The How-To’s of Home Composting

We have been accustomed to tossing kitchen scraps and wasted food into the trash to be hauled off to a landfill. But the landfills are full, and the methane gas they expel from incomplete decomposition is toxic. Methane has as much as 80 times more earth warming capacity than carbon dioxide. It’s a major contributor to global warming.

About 30% of what each of us throws away could be composted, greatly reducing landfill waste. States and municipal authorities are moving forward with measures to enforce separate organic waste collection to stop the landfill crisis. 

California has already made it mandatory to put food waste and yard clippings into ‘green’ curbside bins for pickup, or else do home or community composting, to turn old food into rich organic soil that can be used to grow more food, or to regenerate eroded land.

But you don’t have to wait for legislation. You can start now by making a bin or compost heap in the backyard.

The “home compostable” label applies to products and materials that are designed to break down and compost in a home compost environment, at ambient temperatures and with a natural microbial community. 

What can be composted at home? 

  • Brown matter –  dried leaves, branches, twigs, nut shells, house plants, shredded newspaper, paper or cardboard, sawdust. WoodAble utensils qualify as brown matter — just like a tree branch — because there is no coating on the utensil.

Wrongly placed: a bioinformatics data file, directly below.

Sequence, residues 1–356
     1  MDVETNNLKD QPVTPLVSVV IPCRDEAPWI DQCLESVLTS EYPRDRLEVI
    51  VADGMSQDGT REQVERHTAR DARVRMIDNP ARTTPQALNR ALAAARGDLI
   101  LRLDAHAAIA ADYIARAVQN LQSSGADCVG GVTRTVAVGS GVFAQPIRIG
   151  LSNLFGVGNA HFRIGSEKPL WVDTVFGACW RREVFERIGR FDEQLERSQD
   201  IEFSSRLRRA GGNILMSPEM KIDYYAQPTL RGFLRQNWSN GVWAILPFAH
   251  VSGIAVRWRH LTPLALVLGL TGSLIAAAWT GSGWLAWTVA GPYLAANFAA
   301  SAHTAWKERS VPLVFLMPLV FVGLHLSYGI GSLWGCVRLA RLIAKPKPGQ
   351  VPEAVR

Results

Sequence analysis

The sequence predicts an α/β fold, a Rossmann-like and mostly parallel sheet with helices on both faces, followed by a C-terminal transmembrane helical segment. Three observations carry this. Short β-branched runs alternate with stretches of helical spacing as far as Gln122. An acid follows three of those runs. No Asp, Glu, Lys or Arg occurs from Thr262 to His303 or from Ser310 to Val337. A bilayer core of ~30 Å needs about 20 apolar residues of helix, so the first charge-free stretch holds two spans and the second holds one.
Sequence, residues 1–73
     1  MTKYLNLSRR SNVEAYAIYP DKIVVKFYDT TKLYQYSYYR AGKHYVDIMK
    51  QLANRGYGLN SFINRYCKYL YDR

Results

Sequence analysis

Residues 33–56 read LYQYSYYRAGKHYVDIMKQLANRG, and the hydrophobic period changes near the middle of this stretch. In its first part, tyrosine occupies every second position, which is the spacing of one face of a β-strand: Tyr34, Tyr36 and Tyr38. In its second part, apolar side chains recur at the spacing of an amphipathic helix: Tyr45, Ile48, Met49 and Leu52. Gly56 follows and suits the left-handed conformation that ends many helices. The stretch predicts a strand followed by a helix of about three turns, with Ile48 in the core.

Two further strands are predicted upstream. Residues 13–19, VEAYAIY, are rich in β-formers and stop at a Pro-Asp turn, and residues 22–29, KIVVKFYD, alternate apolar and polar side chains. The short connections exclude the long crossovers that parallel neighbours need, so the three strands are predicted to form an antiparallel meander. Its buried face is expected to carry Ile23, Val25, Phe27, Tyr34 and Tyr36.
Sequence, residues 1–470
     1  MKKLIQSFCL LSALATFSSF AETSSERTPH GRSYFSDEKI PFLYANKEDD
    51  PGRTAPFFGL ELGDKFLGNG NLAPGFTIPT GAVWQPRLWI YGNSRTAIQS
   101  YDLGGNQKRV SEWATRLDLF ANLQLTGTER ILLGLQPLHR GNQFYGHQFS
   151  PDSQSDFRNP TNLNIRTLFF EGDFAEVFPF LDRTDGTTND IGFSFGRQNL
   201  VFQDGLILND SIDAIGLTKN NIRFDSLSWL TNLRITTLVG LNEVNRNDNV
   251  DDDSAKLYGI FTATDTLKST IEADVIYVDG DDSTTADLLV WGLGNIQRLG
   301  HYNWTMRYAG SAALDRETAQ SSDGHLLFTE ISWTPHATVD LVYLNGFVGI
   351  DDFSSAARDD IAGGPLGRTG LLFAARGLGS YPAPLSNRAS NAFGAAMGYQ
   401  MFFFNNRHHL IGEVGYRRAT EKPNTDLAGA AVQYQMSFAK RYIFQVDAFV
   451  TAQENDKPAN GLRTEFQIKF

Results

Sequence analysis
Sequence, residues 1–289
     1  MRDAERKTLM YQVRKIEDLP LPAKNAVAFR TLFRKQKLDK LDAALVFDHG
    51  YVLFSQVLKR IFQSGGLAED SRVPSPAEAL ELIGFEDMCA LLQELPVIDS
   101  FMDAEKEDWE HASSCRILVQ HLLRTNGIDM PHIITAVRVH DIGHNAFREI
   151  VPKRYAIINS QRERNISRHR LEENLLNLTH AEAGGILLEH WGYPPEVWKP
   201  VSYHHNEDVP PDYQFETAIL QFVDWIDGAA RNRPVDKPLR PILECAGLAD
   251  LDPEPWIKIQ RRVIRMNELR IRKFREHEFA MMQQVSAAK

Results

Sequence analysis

• Green matter – kitchen scraps such as fruits, vegetables, starches, tea bags, coffee grounds and the coffee filter, grass clippings
  • NO animal matter, no dairy products, fats or grease. These attract rats and other wildlife. 
  • NO wooden or plastic products labeled as compostable. These still need to be broken down by industrial machines and chemicals.
  • NO diseased or chemically-treated foods or clippings
  • NO industrial ink or glossy paper (Find out if your newspaper uses acceptable soy ink.)

Till up the ground to allow worms to move into the compost pile more easily. Add your composting materials in wet and dry layers, starting with twigs to keep the earth below aerated. Then top it with some grass clippings to accelerate the process, and cover it with a tarp or something that will keep the heat in. Keep it slightly moist. Turn the pile over with a shovel once in a while to aerate it. It will eventually break down into soft soil.

How long does it take for your trash to turn into compost treasure?

The smaller the size of the compost heap, the smaller the pieces, and the warmer the weather, the faster your compost will decompose. It could take between three and 12 months.